Labour Party waking up to a nightmare
Seeds of Labour’s meltdown were sown in late 2011 when the budget was announced
Minister for Communications Alex White looks lost in thought after failing to win a Dublin Rathdown seat. Photograph: Barbara Lindberg.
Long-standing seats and proven poll-toppers falling like skittles at the mercy of a disillusioned and unhappy electorate.
Labour had been elected in 2011 on the back of a historic economic crash. Labour’s suffering occurred at the weekend, but its fate was essentially decided in late 2011 when the then budget was unveiled to the electorate.
It consisted of reductions in child benefit and an increase in student fees, thereby reversing two of its key election promises and losing the trust of the electorate in one fell swoop.
It never really recovered. The party changed its leader and altered its strategy but it made little difference.
In voters’ minds Labour was the party that broke its promises and turned its back on those who elected it. That was fixed into their minds, and they were not for changing.
Willie Penrose, who lost his seat in Longford-Westmeath at the weekend, said the media had a role to play in Labour’s demise.
“They tell you you have a responsibility to do something, but then when you do it you’re castigated for it. The media talks out of three sides of its mouth.”
Kevin Humphreys, outgoing TD for Dublin Bay South, said Labour had “jumped out of the airplane and hoped the parachute opened”.
“It did not open. There was no recognition of the work that happened and was done. People were just angry, and Labour got 100 per cent of the blame.”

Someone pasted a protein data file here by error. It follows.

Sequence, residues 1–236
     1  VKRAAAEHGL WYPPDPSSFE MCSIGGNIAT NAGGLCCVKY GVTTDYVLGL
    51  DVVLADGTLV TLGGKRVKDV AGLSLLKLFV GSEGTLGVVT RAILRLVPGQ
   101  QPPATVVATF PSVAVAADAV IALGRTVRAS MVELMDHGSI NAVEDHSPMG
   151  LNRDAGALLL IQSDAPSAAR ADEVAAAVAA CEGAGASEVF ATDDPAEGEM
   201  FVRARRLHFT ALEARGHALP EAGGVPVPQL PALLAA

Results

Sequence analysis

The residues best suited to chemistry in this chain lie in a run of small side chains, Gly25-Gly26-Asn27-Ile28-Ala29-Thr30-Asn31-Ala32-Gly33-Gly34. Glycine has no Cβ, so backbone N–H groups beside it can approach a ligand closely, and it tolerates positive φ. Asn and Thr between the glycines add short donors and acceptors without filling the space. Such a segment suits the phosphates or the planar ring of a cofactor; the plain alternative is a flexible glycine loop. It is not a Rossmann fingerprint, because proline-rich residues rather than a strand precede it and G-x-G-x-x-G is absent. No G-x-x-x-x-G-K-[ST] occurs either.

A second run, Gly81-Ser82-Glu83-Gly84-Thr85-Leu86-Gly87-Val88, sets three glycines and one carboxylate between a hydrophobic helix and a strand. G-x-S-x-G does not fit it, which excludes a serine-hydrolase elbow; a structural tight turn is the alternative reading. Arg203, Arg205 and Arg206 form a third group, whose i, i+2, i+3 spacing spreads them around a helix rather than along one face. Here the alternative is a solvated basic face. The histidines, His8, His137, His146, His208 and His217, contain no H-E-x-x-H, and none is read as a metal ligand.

His colleague Robert Dowds said: “I’m proud of our performance in this Government. We worked extremely hard and extremely effectively on behalf of the country and the people, and we did our very best to protect people in very trying circumstances.
“To the day I die I will be proud of my role in this Government. I make no apologies, there are one or two regrets, the housing issue earlier, but largely because of lack of money.
“But I am very proud of our involvement, and I think history will be kind to the Labour Party.”
Labour had a difficult five years in Government which began on the worst possible footing with that budget.
The introduction of water charges was the final nail in Labour’s coffin.
Irish Water may have been the brainchild of Fine Gael, but it was its Coalition colleagues who suffered from its establishment.
Labour achieved what it set out to do in Government – send the troika packing and prevent the worst of Fine Gael.
It also managed to deliver on two significant social commitments that realistically would have never been achieved without it. It legislated for the X case and provided for a referendum on same-sex marriage.
The party focused its campaign solely on the party leader.
The party was also slightly hindered by the absence of its deputy leader Alan Kelly from the national campaign.
It fell solely to Joan Burton to fight the Labour’s fight, and she did it to the best of her ability but to little avail.
Her position as leader of the party expires at the end of an election. Whether she will choose to continue in that role or whether she has a choice in the matter remains to be seen.
However, there is wide acceptance among party members that Burton had a good campaign.
The parliamentary party meets next week to discuss its future.
One member rightly suggested there will be more Senators at the meeting than TDs.
Labour is familiar with this position. It always bears the brunt of voters’ anger after a stint in office.
But even on its darkest days it could never have predicted such a storm, struggling to secure enough seats for speaking time.
It fought a good fight but in the end the writing was on the wall mere months after it entered Government.
It was like an earthquake. They saw it coming but there was nothing they could do to stop it.